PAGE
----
WEST HOLLYWOOD, Calif. (AP) — Don't get Gena Rowlands started on the bulk of film roles she gets offered these days: a lot of grumpy and ill-fated old women.
"I can say, for sure, I die," the actress noted, smiling. "But I have had some really great parts, too."
Indeed, the 84-year-old veteran's resume includes two Oscar nominations earned while working with her late husband, actor-director John Cassavetes __ first for their 1974 indie classic "A Woman Under the Influence" and again for the 1980 crime drama "Gloria."
A new generation of filmgoers was introduced to Rowlands as the elderly version of the Rachel McAdams character in the 2004 romantic-drama blockbuster "The Notebook," directed by Rowlands' son, Nick Cassavetes.
In "Six Dance Lessons in Six Weeks," opening this weekend, Rowlands is Lily Harrison, a sharp-tongued septuagenarian who gets more than she bargained for after hiring a private dance instructor, portrayed by Cheyenne Jackson.
Rowlands said she wasn't much of a dancer at the start of shooting the film adaptation of the stage play, but learned enough to get by from Broadway veteran Jackson ("Xanadu").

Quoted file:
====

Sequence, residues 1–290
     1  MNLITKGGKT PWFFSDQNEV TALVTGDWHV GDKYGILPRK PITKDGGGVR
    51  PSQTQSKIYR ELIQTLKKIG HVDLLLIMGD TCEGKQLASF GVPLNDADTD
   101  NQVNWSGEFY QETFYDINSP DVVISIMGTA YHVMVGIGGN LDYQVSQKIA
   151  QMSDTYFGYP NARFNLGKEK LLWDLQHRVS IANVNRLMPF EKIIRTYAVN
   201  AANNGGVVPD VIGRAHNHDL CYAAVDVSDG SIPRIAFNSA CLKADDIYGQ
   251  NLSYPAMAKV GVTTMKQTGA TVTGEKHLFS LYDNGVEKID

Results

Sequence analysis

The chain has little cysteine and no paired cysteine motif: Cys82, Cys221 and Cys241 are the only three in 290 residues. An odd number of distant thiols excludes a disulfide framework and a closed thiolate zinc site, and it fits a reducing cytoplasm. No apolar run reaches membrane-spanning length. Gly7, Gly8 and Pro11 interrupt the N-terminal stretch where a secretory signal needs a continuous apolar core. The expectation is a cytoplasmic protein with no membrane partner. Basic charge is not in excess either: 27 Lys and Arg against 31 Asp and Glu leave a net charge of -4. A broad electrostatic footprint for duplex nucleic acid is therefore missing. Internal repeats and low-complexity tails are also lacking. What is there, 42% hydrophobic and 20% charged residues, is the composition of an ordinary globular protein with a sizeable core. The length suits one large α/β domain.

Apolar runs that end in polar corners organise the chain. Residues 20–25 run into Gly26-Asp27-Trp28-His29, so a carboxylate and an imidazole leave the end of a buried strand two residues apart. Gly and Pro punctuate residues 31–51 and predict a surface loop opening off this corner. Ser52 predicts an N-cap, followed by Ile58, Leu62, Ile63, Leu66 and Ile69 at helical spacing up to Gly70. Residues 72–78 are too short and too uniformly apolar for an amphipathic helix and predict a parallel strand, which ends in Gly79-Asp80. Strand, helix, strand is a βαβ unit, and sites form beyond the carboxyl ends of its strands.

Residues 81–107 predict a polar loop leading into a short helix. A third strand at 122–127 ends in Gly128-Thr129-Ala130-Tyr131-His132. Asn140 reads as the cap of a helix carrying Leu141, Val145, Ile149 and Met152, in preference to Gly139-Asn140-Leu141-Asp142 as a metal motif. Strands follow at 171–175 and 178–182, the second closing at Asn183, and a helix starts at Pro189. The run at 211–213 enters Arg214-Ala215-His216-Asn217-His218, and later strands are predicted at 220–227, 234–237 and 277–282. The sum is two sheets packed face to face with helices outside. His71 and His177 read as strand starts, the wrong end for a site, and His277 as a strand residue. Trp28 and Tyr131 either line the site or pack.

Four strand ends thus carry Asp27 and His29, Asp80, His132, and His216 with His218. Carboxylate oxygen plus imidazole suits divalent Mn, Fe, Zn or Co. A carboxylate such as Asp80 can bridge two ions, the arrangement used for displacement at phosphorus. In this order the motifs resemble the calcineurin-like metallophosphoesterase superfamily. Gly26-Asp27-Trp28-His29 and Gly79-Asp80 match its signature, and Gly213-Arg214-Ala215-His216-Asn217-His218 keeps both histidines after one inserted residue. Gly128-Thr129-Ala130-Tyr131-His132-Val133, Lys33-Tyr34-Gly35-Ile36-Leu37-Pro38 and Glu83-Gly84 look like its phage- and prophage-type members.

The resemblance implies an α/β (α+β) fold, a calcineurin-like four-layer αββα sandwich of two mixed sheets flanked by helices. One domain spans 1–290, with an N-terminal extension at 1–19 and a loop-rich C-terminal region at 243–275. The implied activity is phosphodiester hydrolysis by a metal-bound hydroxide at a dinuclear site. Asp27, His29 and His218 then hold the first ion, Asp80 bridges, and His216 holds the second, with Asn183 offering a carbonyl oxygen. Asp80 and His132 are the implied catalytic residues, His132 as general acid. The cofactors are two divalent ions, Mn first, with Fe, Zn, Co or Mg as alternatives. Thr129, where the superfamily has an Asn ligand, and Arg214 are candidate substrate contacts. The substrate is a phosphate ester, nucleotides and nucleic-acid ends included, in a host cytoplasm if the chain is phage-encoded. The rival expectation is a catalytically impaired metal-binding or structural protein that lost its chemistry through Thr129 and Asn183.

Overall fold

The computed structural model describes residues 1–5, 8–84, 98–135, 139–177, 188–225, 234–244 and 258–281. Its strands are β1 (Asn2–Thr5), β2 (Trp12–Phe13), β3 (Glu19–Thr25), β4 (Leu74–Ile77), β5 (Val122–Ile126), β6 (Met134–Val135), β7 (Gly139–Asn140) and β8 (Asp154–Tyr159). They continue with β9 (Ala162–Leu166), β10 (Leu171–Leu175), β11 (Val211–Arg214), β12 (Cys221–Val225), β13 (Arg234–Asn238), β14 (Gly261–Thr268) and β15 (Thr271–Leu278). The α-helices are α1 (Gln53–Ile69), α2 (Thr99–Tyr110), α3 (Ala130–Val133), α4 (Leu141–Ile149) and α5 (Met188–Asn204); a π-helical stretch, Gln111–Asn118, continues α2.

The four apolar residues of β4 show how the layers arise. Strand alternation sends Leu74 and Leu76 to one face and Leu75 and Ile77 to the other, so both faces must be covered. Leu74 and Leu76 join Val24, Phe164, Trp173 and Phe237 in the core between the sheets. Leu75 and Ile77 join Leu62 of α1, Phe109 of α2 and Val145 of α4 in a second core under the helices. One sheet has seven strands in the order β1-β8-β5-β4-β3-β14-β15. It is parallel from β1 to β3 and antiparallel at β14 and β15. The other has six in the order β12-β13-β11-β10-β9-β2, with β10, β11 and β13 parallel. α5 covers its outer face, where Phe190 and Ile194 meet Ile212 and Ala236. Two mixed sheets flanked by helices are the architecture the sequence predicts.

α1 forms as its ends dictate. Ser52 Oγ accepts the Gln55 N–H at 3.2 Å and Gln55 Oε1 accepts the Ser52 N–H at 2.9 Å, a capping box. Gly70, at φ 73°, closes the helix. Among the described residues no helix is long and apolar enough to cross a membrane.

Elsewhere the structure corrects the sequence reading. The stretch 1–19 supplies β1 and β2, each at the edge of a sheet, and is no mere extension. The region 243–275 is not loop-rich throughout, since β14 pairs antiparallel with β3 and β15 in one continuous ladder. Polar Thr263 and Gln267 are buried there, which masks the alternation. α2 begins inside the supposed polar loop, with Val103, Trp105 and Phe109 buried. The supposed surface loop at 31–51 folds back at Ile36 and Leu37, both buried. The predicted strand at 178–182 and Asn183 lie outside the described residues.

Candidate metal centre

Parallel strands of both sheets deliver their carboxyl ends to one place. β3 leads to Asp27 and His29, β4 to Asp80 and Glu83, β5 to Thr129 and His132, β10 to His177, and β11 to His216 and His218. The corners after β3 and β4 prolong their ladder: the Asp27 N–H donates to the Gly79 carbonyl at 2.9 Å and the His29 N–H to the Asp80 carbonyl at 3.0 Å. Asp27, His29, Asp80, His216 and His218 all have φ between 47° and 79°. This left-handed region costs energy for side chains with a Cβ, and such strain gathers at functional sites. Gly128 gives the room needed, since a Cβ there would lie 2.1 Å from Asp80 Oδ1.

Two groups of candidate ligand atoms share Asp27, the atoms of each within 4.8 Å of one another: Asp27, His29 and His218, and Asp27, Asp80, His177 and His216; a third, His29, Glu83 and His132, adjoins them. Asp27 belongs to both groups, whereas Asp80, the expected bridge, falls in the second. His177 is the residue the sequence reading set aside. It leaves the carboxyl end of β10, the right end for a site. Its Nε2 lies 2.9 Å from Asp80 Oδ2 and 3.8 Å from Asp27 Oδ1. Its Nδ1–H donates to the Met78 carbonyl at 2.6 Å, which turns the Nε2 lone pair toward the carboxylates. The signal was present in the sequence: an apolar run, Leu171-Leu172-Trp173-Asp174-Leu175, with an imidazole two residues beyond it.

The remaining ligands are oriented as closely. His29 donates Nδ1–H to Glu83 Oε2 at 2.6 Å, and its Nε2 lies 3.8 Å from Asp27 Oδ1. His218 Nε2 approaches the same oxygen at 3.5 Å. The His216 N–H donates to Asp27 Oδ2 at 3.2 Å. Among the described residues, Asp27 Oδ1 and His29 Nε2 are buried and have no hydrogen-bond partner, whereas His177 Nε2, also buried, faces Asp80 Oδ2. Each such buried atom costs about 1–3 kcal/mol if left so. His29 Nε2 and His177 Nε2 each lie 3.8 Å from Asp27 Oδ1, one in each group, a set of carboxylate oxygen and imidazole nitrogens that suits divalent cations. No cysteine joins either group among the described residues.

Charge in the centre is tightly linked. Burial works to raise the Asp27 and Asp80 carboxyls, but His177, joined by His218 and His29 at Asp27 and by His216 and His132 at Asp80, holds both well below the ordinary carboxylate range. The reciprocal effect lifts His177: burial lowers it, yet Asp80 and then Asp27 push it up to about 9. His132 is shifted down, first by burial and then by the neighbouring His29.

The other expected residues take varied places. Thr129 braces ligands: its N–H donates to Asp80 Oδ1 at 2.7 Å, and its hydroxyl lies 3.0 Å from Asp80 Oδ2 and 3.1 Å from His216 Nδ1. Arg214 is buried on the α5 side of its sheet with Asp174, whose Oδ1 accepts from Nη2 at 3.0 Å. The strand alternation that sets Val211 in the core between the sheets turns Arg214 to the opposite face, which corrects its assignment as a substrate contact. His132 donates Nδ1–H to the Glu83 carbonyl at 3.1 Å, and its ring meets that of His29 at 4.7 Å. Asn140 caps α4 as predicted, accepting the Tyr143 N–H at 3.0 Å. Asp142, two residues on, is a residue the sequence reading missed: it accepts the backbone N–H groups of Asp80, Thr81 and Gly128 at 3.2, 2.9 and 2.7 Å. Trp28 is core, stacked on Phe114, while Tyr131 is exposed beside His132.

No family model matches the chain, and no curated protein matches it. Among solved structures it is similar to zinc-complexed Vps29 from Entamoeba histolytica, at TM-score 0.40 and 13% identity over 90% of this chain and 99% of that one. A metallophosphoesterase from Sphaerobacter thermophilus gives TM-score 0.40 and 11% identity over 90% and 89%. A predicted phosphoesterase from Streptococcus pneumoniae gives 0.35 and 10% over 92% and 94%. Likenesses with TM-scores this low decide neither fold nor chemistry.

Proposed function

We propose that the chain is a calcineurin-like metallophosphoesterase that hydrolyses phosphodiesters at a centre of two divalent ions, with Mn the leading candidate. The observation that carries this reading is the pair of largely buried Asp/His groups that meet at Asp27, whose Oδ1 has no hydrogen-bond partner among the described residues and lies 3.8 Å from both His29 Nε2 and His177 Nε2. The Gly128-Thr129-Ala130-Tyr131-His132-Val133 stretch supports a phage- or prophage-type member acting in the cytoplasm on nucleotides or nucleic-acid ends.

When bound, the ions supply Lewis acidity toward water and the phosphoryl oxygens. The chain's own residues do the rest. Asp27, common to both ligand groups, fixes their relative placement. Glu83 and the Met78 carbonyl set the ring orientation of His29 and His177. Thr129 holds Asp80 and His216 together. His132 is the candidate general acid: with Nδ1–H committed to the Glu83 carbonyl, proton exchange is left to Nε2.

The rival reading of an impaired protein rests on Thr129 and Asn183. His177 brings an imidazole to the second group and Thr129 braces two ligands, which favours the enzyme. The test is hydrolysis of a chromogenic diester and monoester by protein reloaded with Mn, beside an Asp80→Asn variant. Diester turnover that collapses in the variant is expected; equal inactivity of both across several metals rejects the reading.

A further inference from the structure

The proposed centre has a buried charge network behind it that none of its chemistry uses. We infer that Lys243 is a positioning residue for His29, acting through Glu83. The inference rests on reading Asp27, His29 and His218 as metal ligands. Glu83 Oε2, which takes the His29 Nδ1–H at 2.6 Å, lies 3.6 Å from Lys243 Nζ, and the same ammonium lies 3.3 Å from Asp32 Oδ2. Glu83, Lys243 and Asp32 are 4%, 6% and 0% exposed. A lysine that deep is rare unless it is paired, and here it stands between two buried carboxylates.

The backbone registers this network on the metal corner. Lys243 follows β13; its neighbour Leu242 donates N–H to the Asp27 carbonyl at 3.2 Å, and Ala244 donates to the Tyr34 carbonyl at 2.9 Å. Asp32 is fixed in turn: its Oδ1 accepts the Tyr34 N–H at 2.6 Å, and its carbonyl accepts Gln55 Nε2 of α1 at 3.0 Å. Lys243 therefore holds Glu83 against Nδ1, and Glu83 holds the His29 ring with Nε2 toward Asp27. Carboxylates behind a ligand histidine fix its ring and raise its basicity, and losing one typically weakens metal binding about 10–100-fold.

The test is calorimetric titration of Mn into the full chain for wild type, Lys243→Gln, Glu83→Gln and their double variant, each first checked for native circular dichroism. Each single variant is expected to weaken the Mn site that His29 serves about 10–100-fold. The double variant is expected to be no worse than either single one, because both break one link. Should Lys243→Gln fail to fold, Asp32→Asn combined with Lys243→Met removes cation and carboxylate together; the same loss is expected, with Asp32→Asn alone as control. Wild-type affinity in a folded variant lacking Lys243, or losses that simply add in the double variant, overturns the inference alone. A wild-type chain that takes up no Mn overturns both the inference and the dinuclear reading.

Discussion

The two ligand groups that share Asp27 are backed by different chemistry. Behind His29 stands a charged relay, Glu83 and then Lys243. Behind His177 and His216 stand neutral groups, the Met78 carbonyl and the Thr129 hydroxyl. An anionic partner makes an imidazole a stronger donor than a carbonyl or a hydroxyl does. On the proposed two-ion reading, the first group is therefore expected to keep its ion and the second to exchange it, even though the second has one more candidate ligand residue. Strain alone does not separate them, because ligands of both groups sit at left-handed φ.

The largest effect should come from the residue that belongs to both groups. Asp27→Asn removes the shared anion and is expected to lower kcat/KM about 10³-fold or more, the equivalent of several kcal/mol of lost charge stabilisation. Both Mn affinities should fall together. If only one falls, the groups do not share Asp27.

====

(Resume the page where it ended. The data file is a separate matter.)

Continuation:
And Rowlands returned the favor, offering her co-star advice about acting. Recalled Jackson: "We were talking about close-ups, and I had to do a monologue and was kind of in my head about it and she said, 'If you think it, the camera will see it.'"
Added Rowlands: "You know John Cassavetes did the same thing for me. I was stuck on one of the first pictures that he and I did together and I couldn't quite get it. I said, 'John, would you give me a hint about this?' He said, 'I wrote the script and I wrote it with you in mind. And you read it.' And he said, 'You do it. Now do it!' That's the best advice I ever had."
Rowland's award wins including four Emmys and two Golden Globes, and last week, she was honored with a handprint ceremony in front of Hollywood's Chinese Theatre.
Looking back on her career, Rowlands said, "I just think the really wonderful thing about acting is that you get to lead so many lives. You don't just have to get stuck with your own life, even if you like your own life. Every part you play opens part of the world to you, and you can't help but understand more things than when you started."